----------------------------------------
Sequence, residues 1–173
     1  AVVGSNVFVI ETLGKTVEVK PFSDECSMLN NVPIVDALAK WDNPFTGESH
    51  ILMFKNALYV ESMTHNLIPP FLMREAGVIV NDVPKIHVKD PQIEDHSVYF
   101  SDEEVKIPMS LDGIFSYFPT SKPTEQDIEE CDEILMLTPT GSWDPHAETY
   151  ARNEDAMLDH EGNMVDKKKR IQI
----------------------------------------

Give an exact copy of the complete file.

Sequence, residues 1–173
     1  AVVGSNVFVI ETLGKTVEVK PFSDECSMLN NVPIVDALAK WDNPFTGESH
    51  ILMFKNALYV ESMTHNLIPP FLMREAGVIV NDVPKIHVKD PQIEDHSVYF
   101  SDEEVKIPMS LDGIFSYFPT SKPTEQDIEE CDEILMLTPT GSWDPHAETY
   151  ARNEDAMLDH EGNMVDKKKR IQI